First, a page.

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zoramargolis

Uh Oh Trader Joe

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Trader Joe's is a subsidiary of a multinational grocery company that also operates Aldi. That liberals and urbanites have adopted Trader Joes as something akin to Whole Foods has made me laugh since I discovered the ownership overlap. Aldi's is a bulk grocery chain that specializes in good old fashion generics (i.e. remember the black and white cans when generics were new, before store brands?)

It is not a touchy feely company, we just want it to be!

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Trader Joe's is a subsidiary of a multinational grocery company that also operates Aldi.

It's actually more complicated than that. Karl and Theo Albrecht split Aldi into two separate companies decades ago, with Karl taking Aldi Süd and Theo taking Aldi Nord. Both companies operate stores in Europe under variants of the Aldi name. In the US, Aldi Süd operates the Aldi stores, which in my experience are dreary places similar to Save-a-Lot (not just generics, but merchandise piled in stacks on the floor), while Aldi Nord operates Trader Joe's. (Aldi is short for Albrecht Discount.) Theo Albrecht died last year; Karl is still living and is the richest man in Germany, and the 12th richest in the world, according to Forbes.

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It's actually more complicated than that. Karl and Theo Albrecht split Aldi into two separate companies decades ago, with Karl taking Aldi Süd and Theo taking Aldi Nord. Both companies operate stores in Europe under variants of the Aldi name. In the US, Aldi Süd operates the Aldi stores, which in my experience are dreary places similar to Save-a-Lot (not just generics, but merchandise piled in stacks on the floor), while Aldi Nord operates Trader Joe's. (Aldi is short for Albrecht Discount.) Theo Albrecht died last year; Karl is still living and is the richest man in Germany, and the 12th richest in the world, according to Forbes.

It's even more complicated than that. TJ is owned by a foundation owned in turn by the Theo Albrecht family, but legally and operationally is separate from Aldi Nord.

BTW Aldi is better than you suggest. Yes it is mostly their own store brands, but their stuff is pretty good. The stores are very Spartan, which is all part of how they do everything as economically as possible. Their prices are unbeatable, and the quality is decent. Very limited selection. Their chocolate, for example, is as good a deal as you are likely to find.

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I'd add just two things to the discussion:

1. Not to defend large, faceless corporations blindly but there are examples of some, though multi-billion and publicly traded, who have serious, funded and sincere social responsibility efforts whether organic or in the wake of acquisition. This isn't to say those same corps don't also do harm or pursue profit before any other goal--they often do. But, sometimes, they are more complicated than simply good or evil whether from a parent corporation level (e.g., Starbucks, Herman Miller, Whole Foods) or after acquisition (e.g., Unilever's Ben & Jerry's unit--interesting NYT piece on this here).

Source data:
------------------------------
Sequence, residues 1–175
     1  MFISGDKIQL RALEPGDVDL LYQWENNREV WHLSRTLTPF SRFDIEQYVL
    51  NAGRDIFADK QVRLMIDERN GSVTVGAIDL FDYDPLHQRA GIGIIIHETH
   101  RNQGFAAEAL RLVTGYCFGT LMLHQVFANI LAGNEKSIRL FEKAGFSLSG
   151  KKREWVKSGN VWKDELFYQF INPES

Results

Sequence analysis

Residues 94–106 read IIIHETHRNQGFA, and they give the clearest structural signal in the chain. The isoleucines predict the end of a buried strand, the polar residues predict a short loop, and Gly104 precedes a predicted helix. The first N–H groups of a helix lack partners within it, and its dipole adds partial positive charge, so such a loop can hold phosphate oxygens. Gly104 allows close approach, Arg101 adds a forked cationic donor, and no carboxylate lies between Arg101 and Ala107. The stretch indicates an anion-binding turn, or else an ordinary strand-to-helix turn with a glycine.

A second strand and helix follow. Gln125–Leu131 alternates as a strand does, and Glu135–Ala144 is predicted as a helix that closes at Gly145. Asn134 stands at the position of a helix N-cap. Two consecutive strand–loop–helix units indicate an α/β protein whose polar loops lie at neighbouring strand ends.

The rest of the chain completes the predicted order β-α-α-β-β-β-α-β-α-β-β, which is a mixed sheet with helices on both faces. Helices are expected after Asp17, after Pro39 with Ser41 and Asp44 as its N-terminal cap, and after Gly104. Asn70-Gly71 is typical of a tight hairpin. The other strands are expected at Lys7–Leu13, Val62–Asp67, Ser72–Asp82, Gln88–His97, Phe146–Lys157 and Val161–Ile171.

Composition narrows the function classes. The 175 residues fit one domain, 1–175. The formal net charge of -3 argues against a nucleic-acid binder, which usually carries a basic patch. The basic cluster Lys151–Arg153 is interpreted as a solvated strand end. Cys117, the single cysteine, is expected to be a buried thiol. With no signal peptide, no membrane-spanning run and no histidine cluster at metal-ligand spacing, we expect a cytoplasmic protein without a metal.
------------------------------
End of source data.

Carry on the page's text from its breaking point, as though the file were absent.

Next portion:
2. The tomato worker tragedy behind the Immokalee/CIW's Fair Food initiative is a largely unknown but incredibly important story for the general public to learn. Tomatoland, a new book by Barry Estabrook featured extensively on NPR, is a great and eye-opening piece of work that I'm reading now. To me, it's cut from the same creative cloth as some of the best documentary films: it will change minds and behaviors. Back cover testimonials include:

- "With great skill and compassion, Estabrook explores the science, ingenuity, and human misery behind the modern American tomato. Once again, the true cost is too high to pay." -- Eric Schlosser

- "In my ten years as editor of Gourmet magazine, the article I am proudest to have published was Barry Estabrook's 'The Price of Tomatoes'....If you have ever eaten a tomato--or ever plan to--you must read Tomatoland..." -- Ruth Reichl

- "If you worry, as I do, about the sad and sorry state of the tomato today, and want to know what a tomato used to be like and what it could hopefully become again, read Barry Estabrook's Tomatoland..." -- Jacques Pepin

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Thanks for the reminder about Tomatoland. I remember reading "The Price of Tomatoes" and agree with Ruth Reichl. That was one of the most disturbing pieces of investigative reporting I've ever read. I haven't bought a grocery store tomato since.

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I too appreciate the reminder about Tomatoland. I heard the author speak on FreshAir and it's on my reading list. I have already decided not to eat tomatoes out of season based on what I heard on the show!

Additionally, I love the additional information I have learned about Aldi's ownership of Trader Joes.

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BTW Aldi is better than you suggest. Yes it is mostly their own store brands, but their stuff is pretty good. The stores are very Spartan, which is all part of how they do everything as economically as possible. Their prices are unbeatable, and the quality is decent. Very limited selection. Their chocolate, for example, is as good a deal as you are likely to find.

My experience with Aldi in the US is limited to a single store in Wilson, North Carolina. I certainly stand by my characterization of "dreary" with respect to that store. The selection was so limited on my one visit to the store that I couldn't find a single thing that I wanted to buy, and left empty handed. I don't eat chocolate; if I did, maybe my impression would have been better.

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